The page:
Although Bali has inhabited for millenia, its written history does not begin until the 8th century, when the Hindu-Buddhist kingdoms of Java began journeying to the island. The Javanese spread their religious teachings to Bali, along with the knowledge of writing in the old Javanese language, which soon become the medium of communication for Bali’s elites. By the 10th century, Balinese art, religion and culture had taken on decidedly Indian appearance.
One important relic of this era is found in the village of Sanur, the Prasasti Belanjong, an inscribed monument dated 913 A.D, making it Bali’s oldest dated artifact. Many contemporary Balinese trace their history back to the 14th century, when the Javanese kingdom of Majapahit sent an army to the island led by the famed general Gajah Mada. The arrival of the Majapahit Empire brought vast changes to the cultural, religious and political landscape of Bali. Only the people known as the Bali Aga, living in their isolated mountain villages, remained unaffected by the new social order.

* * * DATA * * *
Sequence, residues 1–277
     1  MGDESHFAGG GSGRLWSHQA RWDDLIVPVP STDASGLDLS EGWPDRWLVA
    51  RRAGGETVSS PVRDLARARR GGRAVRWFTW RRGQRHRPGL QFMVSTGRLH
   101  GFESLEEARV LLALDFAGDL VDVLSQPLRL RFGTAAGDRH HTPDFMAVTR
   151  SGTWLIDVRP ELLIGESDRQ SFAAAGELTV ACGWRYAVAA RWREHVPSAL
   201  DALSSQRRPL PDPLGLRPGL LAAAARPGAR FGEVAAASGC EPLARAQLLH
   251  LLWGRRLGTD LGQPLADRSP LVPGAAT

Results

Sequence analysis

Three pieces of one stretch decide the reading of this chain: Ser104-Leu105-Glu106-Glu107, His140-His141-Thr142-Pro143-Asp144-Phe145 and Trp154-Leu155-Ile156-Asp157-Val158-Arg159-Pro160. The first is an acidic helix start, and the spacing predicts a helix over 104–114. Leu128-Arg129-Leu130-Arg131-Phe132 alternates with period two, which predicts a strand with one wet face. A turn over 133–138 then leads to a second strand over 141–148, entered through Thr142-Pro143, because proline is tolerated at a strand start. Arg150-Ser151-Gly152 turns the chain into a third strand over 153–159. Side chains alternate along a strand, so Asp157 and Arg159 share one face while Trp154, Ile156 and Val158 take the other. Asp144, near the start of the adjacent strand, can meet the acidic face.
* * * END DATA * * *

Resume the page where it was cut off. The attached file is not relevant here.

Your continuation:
Under the rule of Majapahit, Balinese culture flourished around the royal courts. An elaborate ritual living, art, dance and music evolved with the patronage of the kings of Bali. Although Java neighbors already under Dutch colonial control in the 1600s, Bali remains free. In 1846, the Dutch led a military force against North Bali, but they met with stunning defeat when they faced down a fear some army led by a Balinese commander, Gusti Ketut Djelantik. To the great embarrassment of the Dutch until 1849, when the Balinese were defeated by an army from neighbouring Lombok, who saw a chance to take control of Bali as themselves.
Eventually, the Dutch and the Balinese signed a treaty giving the colonial powers to rule over the North of Bali, and a tense peace held until the turn of the 20th century. It was not until 1908, when the Dutch destroyed the kingdoms of South Bali in the infamous PUPUTAN, or fight to the death, that the island fell under European control. The Dutch rule Bali until the World War II, when the Japanese occupied the Indonesian archipelago. In 1945, Indonesia proclaimed its independence and Bali granted the status of the province since August 14, 1958. Although Bali is now a part of modern state, hosting hundreds of thousands of foreign tourist every year, in many ways it is still very traditional. In matter of culture and religion, Balinese take care to preserve their ancient way of life for generations to come.